Muncie Evening Press from Muncie, Indiana on March 14, 1988 · Page 4
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Muncie Evening Press from Muncie, Indiana · Page 4

Muncie, Indiana
Issue Date:
Monday, March 14, 1988
Page 4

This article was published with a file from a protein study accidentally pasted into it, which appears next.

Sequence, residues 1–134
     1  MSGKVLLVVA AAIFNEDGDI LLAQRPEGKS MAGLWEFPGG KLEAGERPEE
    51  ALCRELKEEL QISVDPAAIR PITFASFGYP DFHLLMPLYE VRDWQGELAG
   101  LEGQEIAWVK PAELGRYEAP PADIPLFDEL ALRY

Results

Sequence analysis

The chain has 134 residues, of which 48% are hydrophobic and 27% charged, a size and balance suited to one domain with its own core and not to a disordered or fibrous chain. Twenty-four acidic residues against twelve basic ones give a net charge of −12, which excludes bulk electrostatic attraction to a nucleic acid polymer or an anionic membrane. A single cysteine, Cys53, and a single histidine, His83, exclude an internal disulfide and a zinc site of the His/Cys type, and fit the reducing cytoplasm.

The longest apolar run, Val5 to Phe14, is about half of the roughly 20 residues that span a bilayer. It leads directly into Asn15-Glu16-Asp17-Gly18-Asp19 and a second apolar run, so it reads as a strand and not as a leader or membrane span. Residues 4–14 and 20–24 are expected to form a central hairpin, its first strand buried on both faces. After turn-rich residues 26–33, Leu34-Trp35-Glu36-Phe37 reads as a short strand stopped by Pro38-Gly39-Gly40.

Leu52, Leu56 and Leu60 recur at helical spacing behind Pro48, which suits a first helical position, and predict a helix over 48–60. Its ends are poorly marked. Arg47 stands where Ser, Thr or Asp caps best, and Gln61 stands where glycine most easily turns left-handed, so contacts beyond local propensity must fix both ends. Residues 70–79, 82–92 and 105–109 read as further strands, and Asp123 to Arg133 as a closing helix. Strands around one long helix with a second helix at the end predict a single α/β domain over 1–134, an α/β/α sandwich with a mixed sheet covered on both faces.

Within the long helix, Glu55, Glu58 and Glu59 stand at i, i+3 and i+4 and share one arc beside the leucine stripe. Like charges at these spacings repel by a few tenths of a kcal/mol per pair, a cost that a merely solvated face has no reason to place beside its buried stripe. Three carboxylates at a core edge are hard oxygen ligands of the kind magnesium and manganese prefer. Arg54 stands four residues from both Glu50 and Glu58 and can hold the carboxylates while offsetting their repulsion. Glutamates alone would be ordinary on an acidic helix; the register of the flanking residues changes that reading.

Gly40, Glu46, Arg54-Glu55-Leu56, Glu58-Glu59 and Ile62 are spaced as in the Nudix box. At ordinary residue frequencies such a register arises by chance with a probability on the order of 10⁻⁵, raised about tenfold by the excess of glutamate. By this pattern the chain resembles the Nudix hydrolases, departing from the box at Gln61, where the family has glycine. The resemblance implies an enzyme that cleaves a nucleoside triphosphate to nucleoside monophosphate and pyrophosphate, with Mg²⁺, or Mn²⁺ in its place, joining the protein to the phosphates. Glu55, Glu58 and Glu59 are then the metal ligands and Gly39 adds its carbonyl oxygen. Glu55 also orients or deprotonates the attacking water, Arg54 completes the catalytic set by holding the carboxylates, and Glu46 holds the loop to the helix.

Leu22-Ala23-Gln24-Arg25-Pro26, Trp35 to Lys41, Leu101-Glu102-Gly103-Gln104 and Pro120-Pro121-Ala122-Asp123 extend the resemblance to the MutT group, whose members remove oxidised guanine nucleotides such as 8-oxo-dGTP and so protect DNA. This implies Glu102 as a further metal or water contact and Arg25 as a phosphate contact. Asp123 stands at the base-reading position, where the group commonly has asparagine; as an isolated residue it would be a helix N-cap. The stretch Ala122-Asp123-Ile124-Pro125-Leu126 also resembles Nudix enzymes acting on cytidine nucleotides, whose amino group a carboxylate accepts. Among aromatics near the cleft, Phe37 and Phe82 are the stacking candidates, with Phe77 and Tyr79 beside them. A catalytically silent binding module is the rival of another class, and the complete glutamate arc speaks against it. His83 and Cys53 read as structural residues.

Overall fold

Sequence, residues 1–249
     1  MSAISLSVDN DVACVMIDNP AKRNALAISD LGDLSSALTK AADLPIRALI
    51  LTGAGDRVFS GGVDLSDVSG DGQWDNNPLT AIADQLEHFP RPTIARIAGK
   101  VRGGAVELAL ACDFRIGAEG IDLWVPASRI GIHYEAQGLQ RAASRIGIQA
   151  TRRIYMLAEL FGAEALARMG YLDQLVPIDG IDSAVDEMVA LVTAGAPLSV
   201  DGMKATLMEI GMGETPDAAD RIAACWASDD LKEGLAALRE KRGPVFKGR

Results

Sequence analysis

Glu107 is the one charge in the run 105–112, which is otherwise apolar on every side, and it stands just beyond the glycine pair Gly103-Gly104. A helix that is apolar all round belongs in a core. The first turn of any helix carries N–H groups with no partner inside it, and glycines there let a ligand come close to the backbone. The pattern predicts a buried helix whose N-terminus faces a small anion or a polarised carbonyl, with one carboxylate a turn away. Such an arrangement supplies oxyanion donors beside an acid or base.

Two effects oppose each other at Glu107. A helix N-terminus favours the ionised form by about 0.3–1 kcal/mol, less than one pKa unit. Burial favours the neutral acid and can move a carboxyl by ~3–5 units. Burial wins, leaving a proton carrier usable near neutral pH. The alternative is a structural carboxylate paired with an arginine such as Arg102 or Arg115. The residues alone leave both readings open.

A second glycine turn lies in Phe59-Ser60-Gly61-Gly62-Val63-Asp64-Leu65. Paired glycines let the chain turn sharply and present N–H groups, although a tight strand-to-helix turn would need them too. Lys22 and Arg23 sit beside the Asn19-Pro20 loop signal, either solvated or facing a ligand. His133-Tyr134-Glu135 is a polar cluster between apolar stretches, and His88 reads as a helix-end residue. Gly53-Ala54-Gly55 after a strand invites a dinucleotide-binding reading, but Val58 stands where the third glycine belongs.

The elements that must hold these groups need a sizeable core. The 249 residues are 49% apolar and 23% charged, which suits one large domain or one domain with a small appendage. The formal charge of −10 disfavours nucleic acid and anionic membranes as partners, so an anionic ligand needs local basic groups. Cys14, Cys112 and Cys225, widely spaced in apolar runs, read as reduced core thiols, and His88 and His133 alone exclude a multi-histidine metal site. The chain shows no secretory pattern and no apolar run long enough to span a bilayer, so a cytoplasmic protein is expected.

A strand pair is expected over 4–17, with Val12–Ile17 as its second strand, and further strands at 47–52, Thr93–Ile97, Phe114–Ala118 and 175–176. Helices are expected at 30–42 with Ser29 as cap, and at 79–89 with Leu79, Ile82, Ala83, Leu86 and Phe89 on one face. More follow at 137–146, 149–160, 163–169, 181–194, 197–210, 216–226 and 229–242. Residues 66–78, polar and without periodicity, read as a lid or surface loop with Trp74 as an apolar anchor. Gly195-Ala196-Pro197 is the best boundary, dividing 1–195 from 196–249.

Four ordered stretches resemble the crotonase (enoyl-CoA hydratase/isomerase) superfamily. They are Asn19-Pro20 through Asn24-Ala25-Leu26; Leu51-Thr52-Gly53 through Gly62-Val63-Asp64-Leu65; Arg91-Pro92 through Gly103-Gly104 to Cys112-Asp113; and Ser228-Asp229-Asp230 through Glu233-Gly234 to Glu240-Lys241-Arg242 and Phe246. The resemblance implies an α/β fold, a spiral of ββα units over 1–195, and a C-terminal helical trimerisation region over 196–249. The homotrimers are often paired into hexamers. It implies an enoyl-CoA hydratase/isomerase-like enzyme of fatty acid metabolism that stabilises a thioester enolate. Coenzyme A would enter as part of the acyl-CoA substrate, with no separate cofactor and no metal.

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r The Muncie Evening Press Page 4 Monday, March 14, 1988 Bft! ft THE MUNCIE sclera WILLIAM A. DYE JR., Prssidant ROBERT 6. ELLIS, Gonorol Monooor MICHAEL F. GRIMES, Advertising Or CHESTER 0. HENSON, Circulation Director EDITORIALS 20 years The words are familiar: The government should create 1 million new jobs and jaise the minimum wage significantly. Massive federal initiatives are needed to increase welfare benefits, school spending and funding for housing programs for the nation's poor. The Democratic Party's 1988 platform? A stump speech by Jesse Jackson? No, these are among the proposals of the Kerner Commission, a presidential panel established in August 1967 in the aftermath of widespread urban rioting Watts, then Chicago and Cleveland followed by Newark and Detroit. The long, hot summers of the 1960s suggested that something was fundamentally wrong in America. The Kerner Commission was charged with investigating the causes of urban racial unrest and suggesting remedies. Its final report, issued two decades ago last month, recommended a massive infusion of federal social programs and spending to head off what the panel saw as an America "moving toward two societies, one black, one white separate and unequal." It found that "prostitution, dope addiction, casual sex affairs and crime create an environmental jungle characterized by personal insecurity and tension." Coming at a time of a growing conviction that the social programs of the Johnson administration had failed, the report's conclusions gave the Great Society's "enlightened liberalism" a Paying a While some might envy those Americans enjoying the so-called good life, new evidence emerges suggesting that life in the lap of luxury may not be such a bargain after all. According to a recent survey by a champagne producer, the cost of living the high life in New York City rose last year at more than twice the rate of the Consumer Price Index. While the nation's inflation index rose 4.4 percent last year, the life of luxury in the Big Apple went up 9 percent this according to the respected Moet Index, a survey compiled since 1983 by Moet and Chandon Champagne. The largest price increases included 14.7 percent for 30 grams of Beluga caviar, up from $29 in Letters to the editor The Evening Press welcomes letters from its readers. Only letters containing correct names and addresses are considered (or publication. In certain cases, pseudonyms are permitted to protect writers' identities. We prefer short letters of 200 words or less. AU letters are subject to condensation and deletion of matter considered libelous or in poor taste. Tell me why? To the editor: My ancestors arrived in America about the time Abe Lincoln signed the Emancipation Proclamation. They lived in the northern part of the USA, and had nothing to do with slavery! Slavery was an evil" in the sight of God. But tell me why some of the descendants of these slaves don't like me? I have a friend who is Indian and Jewish. She wonders the same thing. Nowhere in the history books do I read that the Indians sailed to Africa and kidnapped the people. My history book does tell me that the whites pushed Indians from their lands and killed them. Nowhere in the history books do I read where the Jews went to Africa doing likewise. I do read though that six million of them were killed and their lands and belongings confiscated. Persecution comes in many ways, in many packages, under many labels. I have experienced some myself, but then who hasn't? Now when I read the papers and watch the news on television I can't help but think that the descendants of those slaves living in the USA are much better off than the descendants of those not taken from Africa. Have these descendants ever thought of it this way? JUST WONDERING EUGENE C. PULLIAM 11889-1975) JAMES C. QUAYLE Publisher 1975-1978 EUGENE 1 ftXUAM, Publisher WILEY W. SPURGE ON JR., Exscutiv Editor HAROLD W. TRUIOCK, Edtor SALLY J. MILLS, Monoging Edtor-FeaturM BRIAN K. WALKER. Monoging Editor Newj of failure much needed lift. But it accomplished little else. As Thomas Bray of the Detroit News points out in a recent article for Policy Review, "the Kerner Commission had a splendid opportunity to jolt the country into thinking about fresh approaches to some old problems. Instead, it settled for conventional wisdom" an expensive wish list of federal programs. Twenty years and billions of dollars later, the commission's "dewy-eyed faith in government's ability to 'solve' problems," as Bray puts it, has yielded more crime, more unemployment, more poverty, and more welfare dependency in the inner cities. Today a third of Detroit's population is on welfare. And although institutionalized racism has declined appreciably, Detroit and many other large cities are as segregated in 1988 as they were nearly a generation ago when the Kerner panel's recommendations were considered the high-water mark of liberal thinking. Yet despite overwhelming evidence that the government's well-intentioned programs actually have increased the alienation of poor people, and particularly blacks, from the mainstream, some presidential contenders and congressional advocates are touting the same bromides. If anything can be gained from revisiting the Kerner Commission's findings, it is the understanding that 20 years of failure should not be repeated. high price 1986' to $33.25 last year, 11.7 percent for a wash, cut and blow dry at a top hair salon, up from $60 to $67; and a 10 percent increase for a day's maid service, escalating from $80 to $88. But even with such costly advances, selective shoppers can take consolation from the availability of bargains. A round-trip New York-to-Paris flight on the Concorde rose only 3 percent last year, up from $4,296 to $4,424, Other luxurious bargains included only a 5.3 percent increase in the price of a full-length mink coat, from $15,750 to $16,500; and 5.3 percent for limousine rental, from $38 an hour to $40 an hour. This was the fourth consecutive year in which the Moet Index had exceeded the nation's inflationary standard, demonstrating anew that one has to pay a price for being rich. In 1986, for instance, the luxury index rose 6.1 percent, while the CPI rose only 1.9 percent. Apart from higher prices, living high on the hog no doubt has its advantages, though it helps not to make a pig of oneself. Now you know ... Your young child may be able to hold onto a drinking glass better if you place two tight rubber bands around the glass an inch or so apart. This makes it easier for little hands to hold. r-Report says TVA official lied WASHINGTON -One of the most prominent men in the nuclear energy business, the manager of the Tennessee Valley Authority's nuclear power program, lied to the Nuclear Regulatory Commission about problems at the nuclear power . plant in Watts Bar, Tenn., according to an agency investigative report. Steven White "willfully submitted material false statements" when he told the NRC that federal regulations were being met by a quality assurance program that is supposed to guarantee that the Watts Bar plant was safely built, according to a draft report on the NRC investigation. White told investigators that he did not intend to mislead the NRC. A group of senior NRC officials who were not involved in the investigation also says White did not intend to lie. The probe into White's handling of the Watts Bar project has been highly publicized, but the NRC has not yet officially released its findings. Our associate Stewart Harris has obtained a draft of the Kids seek The following letter to the editor appeared not too long ago in a suburban newspaper in the Midwest: "I would very much appreciate you helping me deliver a message to a little guy from someone who can't do it himself. "The other night I left my friend's house about 9:30 p.m. to find my car hopelessly stuck in the snow. There were two little guys no more than 12 having a snowball fight who stopped to help. "We pushed and pushed but the car would not move. One little guy's dad called him home and I started to go back in, too. I noticed the other little guy looking so sad and alone I couldn't resist asking him if he wanted to come in and warm up and I'd see if I could scrounge up some candy or pop. . "After a short while I asked him if his parents would be worried, and he told me his parents were divorced and he stayed with his mom and her boyfriend, who were apparently not too concerned about when he got in as long as it was before curfew. He said he hadn't seen his father in three years since there was some argument over Bush's choice for a woman vice WASHINGTON - If George Bush considers a woman for vice president, key advisers will recommend a relative unknown: Gov. Kay Orr of Nebraska. Women more frequently mentioned are ex-U.N. Ambassador Jeane Kirkpatrick, ex-Transportation Secretary Elizabeth Dole and Rep. Lynne Martin of Illinois, but they are ruled out by the Bush inner circle. Orr, elected governor in 1986, is a longtime Reaganite dating back to the 1976 presidential campaign. A footnote: The vice president's aides say his personal first choice for running mate undoubtedly would be former Gov. Lamar Alexander of Tennessee, now University of Tennessee president. But Bush is far from making up his mind. 1 FEAR OF ARAFAT Senate aides said by Reagan administration officials to have visited the PLO's Yasir Arafat are so fearful of political retribution that one of them, Dennis Culkin, an aide to Republican Sen. John Heinz, Washington Merry-Go-Round By Jack Anderson and Dale Van Atta investigative report. It concludes that White lied to the NRC in two letters in 1986. The letters informed the NRC that "overall," everything was fine at Watts Bar. In fact, the quality assurance program was in a shambles and White knew it, according to the report by the NRC Office of Investigation. Quality assurance programs are supposed to ensure that materials and workmanship at the plant meet industry standards. Without a good quality assurance program, it is hard to tell whether safety systems will work as intended in an accident. In addition to stiff civil fines, the Atomic Energy Act of 1954 allows the NRC to strip a utility of the licenses it needs to operate nuclear power plants if the utility company makes material false statements about a plant. Sources attention where they By Bob Greene child support. "When I said I had to go, he got a sad expression on his face like he didn't have a friend in the world, and I think he felt that he didn't so divorced mom and dad, this letter is really for you. "Mom, boyfriends come and go, but that child is yours forever, and he's desperately reaching out for somebody. That someone is really you and his dad, but already after 11 or 12 short years, he's willing to accept companionship and attention anywhere he can get it. How long will it be until he finds it with a gang or the wrong crowd or even worse? "If you are not allowing him to see his dad until his dad coughs up the bucks, you're hurting him more Rowland Evans and Robert Novak ncWp I- V 4fc flatly denies the January meeting and the other, Baker Spring, an aide to Republican Sen. David Karnes, will not take a telephone call to discuss the matter. Administration insiders say privately but positively that both visited Arafat and that a picture is available to prove it. The visits were made over the objection of U.S. Ambassador David Newton during the aides' lengthy stay in Baghdad, Iraq, six weeks ago. One administration insider told us the two aides may not have had the approval of their bosses. Their reticence may be based on fear of punishment. There is nothing at all illegal in congressmen or their tell us that the Justice Department was briefed in October as the investigation was winding down. The NRC investigation is now officially closed, according to the draft. The NRC still has to decide whether further action should be taken. None of the TVA's nuclear power plants, including Watts Bar, are running. The TVA's five operating reactors were shut down in August because of safety problems. The Watts Bar plant has never operated although it was completed in 1985. Customers of the utility are paying an estimated $1 million per day to buy power from other sources because of the shutdowns. During the investigation, the NRC obtained early drafts of a March 20, 1986, letter from the TVA to the NRC. The NRC had asked White to report whether Watts Bar met federal regulations that govern quality assurance during construction. TVA staffers researched the issue and an early draft of their response said that federal regulations on quality assurance m than you are his dad. Is it worth it? The results could be devastating. "Dad, because you divorced your wife, you didn't divorce your son. You brought him here, so you owe him something. If you can't offer money, you can at least offer love and companionship. A pat on the shoulder, a hug, or even a slap on the behind won't cost anything, and the results will be more than any money can buy. "The reason I am writing is not just for this one little guy but for all the little guys and little girls out there looking for a direction to go who have no one there to show them the way. "Sixteen years ago I knew another little guy whose father had passed away, and he was a little too big for his mom to control by herself, though she did try. That little guy didn't stop until he ended up spending a little while in jail and nearly throwing his whole life away. "Yes, mom and dad, that little guy was me, and jails, rehabilitation centers and the streets are cold, hard places. After being through it all and more than I care to mention I don't want to see that aides meeting Arafat, but fear of retribution from the powerful pro-Israel lobby has kept all but the politically courageous far from Arafat's door. WHO'LL OPPOSE PAT? When Secretary of Education William J. Bennett addressed a recent New York County Republican function, he was surprised by suggestions that he run against Democratic Sen. Daniel Patrick Moynihan. Bennett was born in Brooklyn and spent part of his childhood there. But he informed his GOP hosts in Manhattan that it had been a very long time since he had any New York connection and consequently he was not interested. Bennett is now registered to vote in North Carolina, and any attempt at elective office probably would be made from that state. A footnote: National Republican operatives feel the last hope for a credible opponent against Moynihan is Rep. Jack Kemp now that his presidential candidacy is finished. But Kemp has definitively ruled out on nuclear safety-i "are not currently being met in some cases at Watts Bar," and "TVA acknowledges that some quality requirements have not been met." But, by the time White signed the final letter to the NRC, that letter said the problems were under control. "I find that there has been no pervasive breakdown of the quality assurance program; that problems have been identified; and that TVA has remedied or will remedy all identified designconstruction deficiencies and noncompliances, and that accordingly, the overall QA (quality assurance) program is in compliance with" federal regulations, the letter said. The investigative report said the change occurred when the task of drafting the letter was taken out of the hands of quality assurance experts at TVA and given to the office involved with getting the plant licensed. TVA's manager of quality control at Watts Bar, R.J. Mullin, even told investigators that "TVA adopted the stance that they were in compliance with (federal regulations) until proven otherwise." can get it happen to your little boy or girl. Because having a daughter of my own, I care, and I don't want to see her peers have the same problems me and many ot mine naa. "Ours was the peace-loving gen eration that was going to make a better world. Let's start with our own children." The letter, was signed by a man named Robert Week. I got in touch with Robert Week and we talked. He said that after j his own father had died, he began to run wild, and did indeed end up in jail briefly on a drug charge. "It wasn't until I got home that night - the night the little guy from the snowball fight followed me into my friend's house that I thought about all of this," Week said. "Listen, I'm not the most savory- looking guy in the world. I have shoulder-length hair a lot of people say I look a little like Frank Zappa and I usually wear jeans and T-shirts. How was this kid to know that I wasn't a child molester or a murderer? "As it was, my friends and I were playing poker and drinking beer, and the kid just sat around watching us. It probably wasn't the best place for him to be. But he followed me right in, and I finally had to tell him that it was time to go. "Is this where that kid belonged watching a bunch of strangers playing cards and drinking? But he just seemed so hungry for an adult to spend time with him and pay attention to him that be man t care. He was glad to be there." When Week went home to his wife and daughter, he decided to put his thoughts in a letter and mail the letter to the suburban publication. "I really don't think that the little guy saw the letter, he said. "But maybe his parents did. And even if his parents didn't see the letter, maybe other parents did, and recognized their own situations in the letter." Week said when he looked at that little boy on that snowy night, he saw more than an unfamiliar 12-year-old. , "I saw myself when I was a kid," he said. "I looked at him, and I thought, 'That could be me.' Don't get hard and beaten down at such a young , age. That's what I was . thinking." Tribune Media Services president a Senate contest. POSITIVE GEPHARDT Conceding that trying to respond in kind to Gov. Michael Dukakis' aggressive commercials in Super Tuesday states was a costly mistake, Rep. Richard Gephardt's strategists plan strictly positive television advertising for his last chance showdown in Michigan. Given up for dead by political insiders, Gephardt might be resurrected if he could finish first in the Michigan caucuses. His strategists have decided to run a half-million dollar campaign there featuring his trade and populist commercials without worrying about new attacks from Dukakis. Gephardt's Super Tuesday disaster is also attributed by his strategists to spreading too thin his $1 million TV buy (against $3 million by Sen. Albert Gore Jr. and $2.5 million by Dukakis). They concede Gephardt should have spent more money in Oklahoma, where he might have won, and nothing in Florida, where he had no chance. North America Syndicate The report also claims White or his so-called "kitchen cabinet" at the TVA were warned numerous times by outside consultants, the NRC and TVA staffers that the plant had problems with quality. That was before White signed the March 20 letter implying everything was going smoothly. White distorted the facts again in another letter on June 5, according to the investigative report In that letter, he told the NRC that he had assembled :; outside consultants "with ; significant and extensive nuclear QA experience" to review the program. The NRC investigators interviewed those experts and , found that three of the eight had little or no experience in nuclear quality assurance and that none of them were certified as quality assurance experts. White's June 5 letter further, claimed he had hired yet another group of outsiders to review the findings of the first consultants. But the NRC investigators talked to them, too, and none could recall ever going over the findings of the first group. United Featurt Syndicate